06 November 2015

Crap, the Fed is Going to Go all Neanderthal Now

You see, we have pretty good news for October on the job front, which means that the Federal Reserve is now much more likely to raise rates:
Hiring at American companies shifted into higher gear in October, helping to lift wages and clearing the path for the Federal Reserve to raise interest rates next month.

The 271,000 jump in payrolls reported by the Labor Department on Friday was much more robust than expected and suggested that economic growth had enough momentum to allow the central bank to begin its move away from the ultralow, crisis-level interest-rate policy it has been following for seven years.

Along with altering the landscape for policy makers in Washington and traders on Wall Street, the strength in the labor market, if it persists, is expected to shift the political debate as the 2016 presidential campaign heats up.

While there is still a possibility the Fed could hold back, the underlying solidity evident in the latest jobs report will strengthen the hand of monetary policy hawks who have long favored an increase in short-term rates. At the same time, it should reassure Janet L. Yellen, the chairwoman of the Federal Reserve, and a majority of her colleagues at the central bank that the economy can handle modestly higher borrowing costs without stress.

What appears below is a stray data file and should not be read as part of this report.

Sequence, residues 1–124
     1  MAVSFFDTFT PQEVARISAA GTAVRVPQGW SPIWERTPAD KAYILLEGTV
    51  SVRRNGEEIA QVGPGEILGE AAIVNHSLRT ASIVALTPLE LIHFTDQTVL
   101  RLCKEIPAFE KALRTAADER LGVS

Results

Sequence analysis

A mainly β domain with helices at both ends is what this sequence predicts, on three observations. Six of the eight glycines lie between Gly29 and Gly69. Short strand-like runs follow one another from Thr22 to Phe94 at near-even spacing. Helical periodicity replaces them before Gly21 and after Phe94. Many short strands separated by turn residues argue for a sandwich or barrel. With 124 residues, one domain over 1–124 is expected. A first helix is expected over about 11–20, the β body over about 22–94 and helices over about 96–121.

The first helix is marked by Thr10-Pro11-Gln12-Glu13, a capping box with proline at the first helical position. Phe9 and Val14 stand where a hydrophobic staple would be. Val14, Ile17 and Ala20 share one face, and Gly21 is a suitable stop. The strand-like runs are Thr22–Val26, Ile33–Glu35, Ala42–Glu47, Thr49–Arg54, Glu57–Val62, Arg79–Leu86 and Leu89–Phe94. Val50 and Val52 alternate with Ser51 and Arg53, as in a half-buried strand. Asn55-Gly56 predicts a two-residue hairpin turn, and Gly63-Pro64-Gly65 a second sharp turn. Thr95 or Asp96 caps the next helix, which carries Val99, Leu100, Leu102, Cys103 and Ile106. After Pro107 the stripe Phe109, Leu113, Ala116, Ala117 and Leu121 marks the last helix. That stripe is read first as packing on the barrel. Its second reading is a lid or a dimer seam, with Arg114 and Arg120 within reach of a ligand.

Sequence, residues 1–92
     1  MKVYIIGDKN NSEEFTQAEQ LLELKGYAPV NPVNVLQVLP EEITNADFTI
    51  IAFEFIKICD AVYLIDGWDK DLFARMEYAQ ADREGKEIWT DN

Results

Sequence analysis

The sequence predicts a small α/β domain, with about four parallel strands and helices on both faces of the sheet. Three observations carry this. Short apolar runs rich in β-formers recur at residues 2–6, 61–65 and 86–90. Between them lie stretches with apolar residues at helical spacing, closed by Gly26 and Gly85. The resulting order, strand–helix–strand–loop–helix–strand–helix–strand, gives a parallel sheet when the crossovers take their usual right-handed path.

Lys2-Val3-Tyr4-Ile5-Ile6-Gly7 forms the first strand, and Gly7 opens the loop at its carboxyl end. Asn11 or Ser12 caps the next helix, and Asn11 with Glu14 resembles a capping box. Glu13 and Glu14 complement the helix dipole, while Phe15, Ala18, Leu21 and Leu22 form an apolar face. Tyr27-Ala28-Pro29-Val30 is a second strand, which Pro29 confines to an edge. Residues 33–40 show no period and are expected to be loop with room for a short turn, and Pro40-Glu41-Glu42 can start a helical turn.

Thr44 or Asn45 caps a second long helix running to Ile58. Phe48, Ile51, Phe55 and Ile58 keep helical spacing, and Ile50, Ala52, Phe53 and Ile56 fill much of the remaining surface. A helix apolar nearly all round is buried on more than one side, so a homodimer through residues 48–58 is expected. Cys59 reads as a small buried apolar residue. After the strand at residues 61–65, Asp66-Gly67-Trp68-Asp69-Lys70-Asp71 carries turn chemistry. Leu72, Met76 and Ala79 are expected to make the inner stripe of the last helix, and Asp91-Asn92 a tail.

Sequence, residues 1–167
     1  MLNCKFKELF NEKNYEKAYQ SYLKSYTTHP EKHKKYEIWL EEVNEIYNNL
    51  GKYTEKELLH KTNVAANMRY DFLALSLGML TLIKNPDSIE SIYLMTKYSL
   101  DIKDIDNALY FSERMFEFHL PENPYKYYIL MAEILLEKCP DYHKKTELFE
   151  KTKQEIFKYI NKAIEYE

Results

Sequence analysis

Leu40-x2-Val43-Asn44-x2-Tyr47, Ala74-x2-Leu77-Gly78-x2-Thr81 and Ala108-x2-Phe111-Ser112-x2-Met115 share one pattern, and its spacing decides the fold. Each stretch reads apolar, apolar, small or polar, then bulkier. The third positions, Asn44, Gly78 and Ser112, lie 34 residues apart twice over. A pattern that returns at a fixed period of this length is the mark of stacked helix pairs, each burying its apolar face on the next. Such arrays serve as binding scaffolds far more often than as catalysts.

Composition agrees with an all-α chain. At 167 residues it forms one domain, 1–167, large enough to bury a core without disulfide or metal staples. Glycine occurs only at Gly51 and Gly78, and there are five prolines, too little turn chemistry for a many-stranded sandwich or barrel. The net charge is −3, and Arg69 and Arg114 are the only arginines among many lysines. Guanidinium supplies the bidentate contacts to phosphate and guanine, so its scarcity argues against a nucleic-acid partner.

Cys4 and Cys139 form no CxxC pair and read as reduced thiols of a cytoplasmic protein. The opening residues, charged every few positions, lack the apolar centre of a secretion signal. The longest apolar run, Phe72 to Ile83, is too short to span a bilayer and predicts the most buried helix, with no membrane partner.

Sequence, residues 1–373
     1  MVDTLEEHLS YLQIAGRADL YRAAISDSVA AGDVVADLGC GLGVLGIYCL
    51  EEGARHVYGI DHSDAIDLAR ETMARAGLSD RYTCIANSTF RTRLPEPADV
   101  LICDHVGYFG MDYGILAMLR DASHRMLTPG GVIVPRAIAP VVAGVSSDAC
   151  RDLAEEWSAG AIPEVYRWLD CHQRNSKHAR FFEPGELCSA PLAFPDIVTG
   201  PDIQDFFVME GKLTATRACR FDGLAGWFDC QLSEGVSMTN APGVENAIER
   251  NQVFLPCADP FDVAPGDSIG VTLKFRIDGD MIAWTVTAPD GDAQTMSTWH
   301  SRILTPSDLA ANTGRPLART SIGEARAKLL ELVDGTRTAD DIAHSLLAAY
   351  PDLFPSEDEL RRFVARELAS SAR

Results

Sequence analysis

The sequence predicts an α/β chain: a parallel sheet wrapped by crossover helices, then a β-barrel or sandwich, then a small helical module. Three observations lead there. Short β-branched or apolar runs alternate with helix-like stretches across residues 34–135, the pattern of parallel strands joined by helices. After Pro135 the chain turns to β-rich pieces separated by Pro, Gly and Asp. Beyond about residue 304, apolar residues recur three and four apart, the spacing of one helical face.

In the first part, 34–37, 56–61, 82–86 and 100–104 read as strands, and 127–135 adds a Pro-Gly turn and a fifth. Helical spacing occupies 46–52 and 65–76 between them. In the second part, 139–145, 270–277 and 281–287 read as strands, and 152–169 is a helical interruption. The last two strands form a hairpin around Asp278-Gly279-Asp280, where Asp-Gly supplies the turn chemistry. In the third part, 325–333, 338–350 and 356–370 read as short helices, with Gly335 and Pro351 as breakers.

“It was pretty much everything you could ask for in a jobs report,” said Michelle Meyer, deputy head of United States economics at Bank of America Merrill Lynch. “Not only was the headline number strong, but there were upward revisions for prior months, the unemployment rate fell and wage growth accelerated.”
I don't know when the Fed will raise rate, but I am almost certain that when they do, it will be too soon.

The cultural imperative of central banks, including the Fed are such that they always err on the side of mindless inflation concerns.


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